September 28, 2007

Why I Left The Catholic Church (V)

So today's the end of the series and this has been a challenging one for me. Namely because people I care dearly for are still members of the Catholic church and attend it faithfully. Are they wrong for doing so? In some senses, I think they probably should explore the beliefs of the church deeper, but in other senses I'm glad that they are faithful church attenders.

And that's what makes this so hard to talk about. In the very core sense, recognizing that Jesus Christ is Lord to the Glory of God the Father, Protestants and Catholics very much stand shoulder to shoulder. I have no doubt that the Catholic church recognizes Jesus as the Son of God, that He was born of a virgin, lived a sinless life, was crucified, died on the cross, was buried, rose three days later, and ascended into heaven where He now sits at the right hand of God the Father. Those are the core of the Christian faith and trust me when I say this, I'd rather have a Catholic priest right now than Doug Pagitt, Brian McLaren, Rob Bell or anyone else from Protestant liberalism.

But that doesn't mean I'd take a priest over Martin Luther, John Piper, John Newton, Charles Spurgeon, Jonathan Edwards, DA Carson, Tim Keller, Mark Driscoll, George Mueller, John Calvin or any other solid Protestant biblical theologian.

I know those who have read this series this week have wondered how I can possibly leave out "justification by faith alone" as a reason for leaving the Catholic church. Truth be told, I can't but it's the reason Protestant even exists. So it's a given. One that has been written about more extensively than I care to cover in a blog post! I also have left out:

  • Confession of sins to priests
  • Belief in literal transformation of bread and wine into body / blood of Jesus
  • Repetitious prayers in the Rosary
  • Mandatory celibacy of priests
  • Mandatory celibacy of nuns
  • Belief that sacraments are more than actual remembrance
  • Additional sacraments outside of those listed in Scripture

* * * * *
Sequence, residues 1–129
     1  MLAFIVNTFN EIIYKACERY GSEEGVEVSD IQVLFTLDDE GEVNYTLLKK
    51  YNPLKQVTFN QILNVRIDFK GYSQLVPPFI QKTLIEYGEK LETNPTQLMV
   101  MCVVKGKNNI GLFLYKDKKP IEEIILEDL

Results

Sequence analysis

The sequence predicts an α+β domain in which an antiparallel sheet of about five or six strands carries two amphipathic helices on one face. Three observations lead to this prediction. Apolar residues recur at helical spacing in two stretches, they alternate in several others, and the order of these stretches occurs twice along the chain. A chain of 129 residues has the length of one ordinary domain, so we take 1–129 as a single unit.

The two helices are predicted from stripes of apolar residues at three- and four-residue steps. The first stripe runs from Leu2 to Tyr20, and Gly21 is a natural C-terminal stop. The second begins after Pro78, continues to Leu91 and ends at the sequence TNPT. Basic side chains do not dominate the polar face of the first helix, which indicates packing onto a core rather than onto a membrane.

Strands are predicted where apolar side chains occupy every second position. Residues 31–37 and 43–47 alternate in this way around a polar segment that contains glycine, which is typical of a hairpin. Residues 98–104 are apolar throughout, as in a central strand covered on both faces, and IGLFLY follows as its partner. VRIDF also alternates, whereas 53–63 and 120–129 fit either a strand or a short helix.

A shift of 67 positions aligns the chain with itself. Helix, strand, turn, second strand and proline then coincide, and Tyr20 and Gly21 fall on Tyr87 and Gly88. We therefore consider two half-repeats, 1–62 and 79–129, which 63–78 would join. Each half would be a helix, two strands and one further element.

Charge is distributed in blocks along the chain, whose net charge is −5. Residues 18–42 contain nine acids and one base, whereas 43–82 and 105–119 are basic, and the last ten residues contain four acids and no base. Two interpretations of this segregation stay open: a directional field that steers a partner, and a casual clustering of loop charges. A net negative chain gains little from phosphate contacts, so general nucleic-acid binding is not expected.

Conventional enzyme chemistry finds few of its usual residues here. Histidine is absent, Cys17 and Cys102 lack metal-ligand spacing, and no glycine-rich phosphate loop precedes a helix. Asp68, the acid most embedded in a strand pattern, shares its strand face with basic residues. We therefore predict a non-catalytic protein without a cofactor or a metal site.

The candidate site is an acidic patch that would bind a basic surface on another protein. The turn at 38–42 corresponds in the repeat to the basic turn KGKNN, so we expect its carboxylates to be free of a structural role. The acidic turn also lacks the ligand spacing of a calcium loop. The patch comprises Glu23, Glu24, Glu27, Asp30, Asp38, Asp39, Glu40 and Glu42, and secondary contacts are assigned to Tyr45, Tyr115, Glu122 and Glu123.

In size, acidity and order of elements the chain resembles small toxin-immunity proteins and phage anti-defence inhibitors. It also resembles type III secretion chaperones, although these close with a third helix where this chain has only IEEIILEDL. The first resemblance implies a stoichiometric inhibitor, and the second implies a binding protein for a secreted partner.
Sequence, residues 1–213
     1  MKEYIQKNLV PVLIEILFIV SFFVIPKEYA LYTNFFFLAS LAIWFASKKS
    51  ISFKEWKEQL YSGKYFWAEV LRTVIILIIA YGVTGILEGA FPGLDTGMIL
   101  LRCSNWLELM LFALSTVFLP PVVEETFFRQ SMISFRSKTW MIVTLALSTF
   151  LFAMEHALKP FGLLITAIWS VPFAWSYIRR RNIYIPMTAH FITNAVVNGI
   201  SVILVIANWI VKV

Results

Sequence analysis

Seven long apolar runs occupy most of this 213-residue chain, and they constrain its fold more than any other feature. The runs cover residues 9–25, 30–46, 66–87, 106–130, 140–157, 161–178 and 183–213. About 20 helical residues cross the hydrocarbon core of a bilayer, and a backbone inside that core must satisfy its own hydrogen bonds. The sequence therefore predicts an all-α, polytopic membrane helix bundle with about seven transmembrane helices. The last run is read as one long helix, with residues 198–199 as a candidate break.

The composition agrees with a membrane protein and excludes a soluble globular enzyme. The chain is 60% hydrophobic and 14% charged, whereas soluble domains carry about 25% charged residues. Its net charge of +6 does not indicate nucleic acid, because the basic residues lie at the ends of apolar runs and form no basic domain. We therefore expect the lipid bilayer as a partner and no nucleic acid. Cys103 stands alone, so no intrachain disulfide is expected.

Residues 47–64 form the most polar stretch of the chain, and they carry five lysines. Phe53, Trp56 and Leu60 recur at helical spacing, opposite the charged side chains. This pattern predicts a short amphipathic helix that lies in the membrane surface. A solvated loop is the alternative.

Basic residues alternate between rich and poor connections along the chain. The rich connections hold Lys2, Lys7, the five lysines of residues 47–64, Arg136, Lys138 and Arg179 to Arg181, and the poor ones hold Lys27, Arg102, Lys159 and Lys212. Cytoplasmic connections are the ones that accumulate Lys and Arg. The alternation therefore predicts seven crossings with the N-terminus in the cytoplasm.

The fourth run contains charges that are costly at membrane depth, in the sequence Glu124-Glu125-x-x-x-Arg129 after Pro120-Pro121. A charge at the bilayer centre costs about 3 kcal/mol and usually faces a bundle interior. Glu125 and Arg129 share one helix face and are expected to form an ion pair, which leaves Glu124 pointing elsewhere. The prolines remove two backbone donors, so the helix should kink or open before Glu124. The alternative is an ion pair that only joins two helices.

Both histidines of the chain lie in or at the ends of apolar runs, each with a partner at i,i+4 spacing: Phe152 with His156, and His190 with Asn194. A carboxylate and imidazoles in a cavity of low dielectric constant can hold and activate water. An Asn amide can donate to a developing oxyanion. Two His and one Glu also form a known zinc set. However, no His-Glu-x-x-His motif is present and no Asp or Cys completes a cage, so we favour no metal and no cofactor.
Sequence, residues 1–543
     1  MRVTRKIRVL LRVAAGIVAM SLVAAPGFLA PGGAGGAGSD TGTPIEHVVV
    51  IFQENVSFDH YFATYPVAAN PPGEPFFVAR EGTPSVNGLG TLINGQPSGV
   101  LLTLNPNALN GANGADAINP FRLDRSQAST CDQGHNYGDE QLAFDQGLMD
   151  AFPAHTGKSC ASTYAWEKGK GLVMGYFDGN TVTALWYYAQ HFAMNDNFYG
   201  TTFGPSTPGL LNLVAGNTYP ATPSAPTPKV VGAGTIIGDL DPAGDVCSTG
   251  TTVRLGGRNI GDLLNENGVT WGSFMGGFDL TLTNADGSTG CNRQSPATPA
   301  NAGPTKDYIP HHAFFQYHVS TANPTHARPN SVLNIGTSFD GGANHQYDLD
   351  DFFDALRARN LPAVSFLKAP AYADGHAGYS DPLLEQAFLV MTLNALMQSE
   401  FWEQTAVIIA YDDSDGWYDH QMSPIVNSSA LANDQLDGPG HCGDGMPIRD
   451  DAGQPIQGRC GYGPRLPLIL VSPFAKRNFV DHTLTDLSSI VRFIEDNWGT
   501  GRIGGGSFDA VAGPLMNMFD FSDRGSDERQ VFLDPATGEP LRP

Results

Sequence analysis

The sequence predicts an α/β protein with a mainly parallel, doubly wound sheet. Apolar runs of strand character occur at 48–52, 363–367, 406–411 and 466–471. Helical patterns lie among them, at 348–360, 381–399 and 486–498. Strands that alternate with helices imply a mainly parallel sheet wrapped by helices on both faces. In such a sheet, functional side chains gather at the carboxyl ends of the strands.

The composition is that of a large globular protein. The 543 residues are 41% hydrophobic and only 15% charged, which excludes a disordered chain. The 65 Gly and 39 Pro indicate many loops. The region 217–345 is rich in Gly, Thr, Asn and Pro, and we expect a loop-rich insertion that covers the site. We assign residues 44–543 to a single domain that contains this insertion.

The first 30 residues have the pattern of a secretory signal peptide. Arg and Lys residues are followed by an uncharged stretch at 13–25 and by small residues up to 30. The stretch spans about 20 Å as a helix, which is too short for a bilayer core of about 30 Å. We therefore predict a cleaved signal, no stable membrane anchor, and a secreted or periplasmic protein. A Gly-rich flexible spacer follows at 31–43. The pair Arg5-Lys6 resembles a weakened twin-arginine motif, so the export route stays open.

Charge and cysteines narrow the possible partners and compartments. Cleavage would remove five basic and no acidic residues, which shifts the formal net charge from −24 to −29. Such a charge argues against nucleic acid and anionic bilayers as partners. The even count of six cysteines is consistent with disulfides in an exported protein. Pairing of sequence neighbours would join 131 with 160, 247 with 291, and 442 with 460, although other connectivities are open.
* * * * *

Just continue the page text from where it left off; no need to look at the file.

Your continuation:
• The Apocrypha

And the list could go on. Let me also say here that we Protestants have our MAJOR flaws. No doubt about that. Someone could, and I'm sure someone has, write about why they left the Baptist church and would have valid existential reasons for writing such a series. I think Catholics have Protestants licked in the areas of:

  • Pro-life fervency
  • Birth Control / Procreation fervency
  • Reverence for God

One of the real things I still love about the Catholic church in the collective responses during the liturgy, the fact that they stay true to the Nicene creed and recite it in every mass, and that they kneel and genuflect when in church and leaving church. They show a reverence for the God they serve. We Protestants would do well to return to that. I fear that sometimes we have become too flippant in our attitudes and behavior in the sight of God.

So I bring this series to a close. I have left the Catholic church but like Luther long to see her Reformed. I also look to my own side of the chasm and long for the Protestant church to return to the roots that birthed her as well. That is why I'm in Acts29. And that's why I want to plant a church. But that is also why I can no longer be a member of the Catholic church.

7 comments:

r.radewicz said...

"...they kneel and genuflect when in church and leaving church. They show a reverence for the God they serve. We Protestants would do well to return to that."

Huh?
A building is just an edifice made by human hands. It is not the dwelling place of God - whose Holy Spirit dwells in temples not made by human hands.

Marc Backes said...

R....

Totally agree...God does not live in temples...and by genuflecting the Catholics are not showing reverence to the building but merely an awareness for the presence of God...

The point I was trying to make there was that I think sometimes in our quest to be "relevant" or "new" we get flippant with the fact that as we gather to worship, we celebrate the presence of a Creator and a King...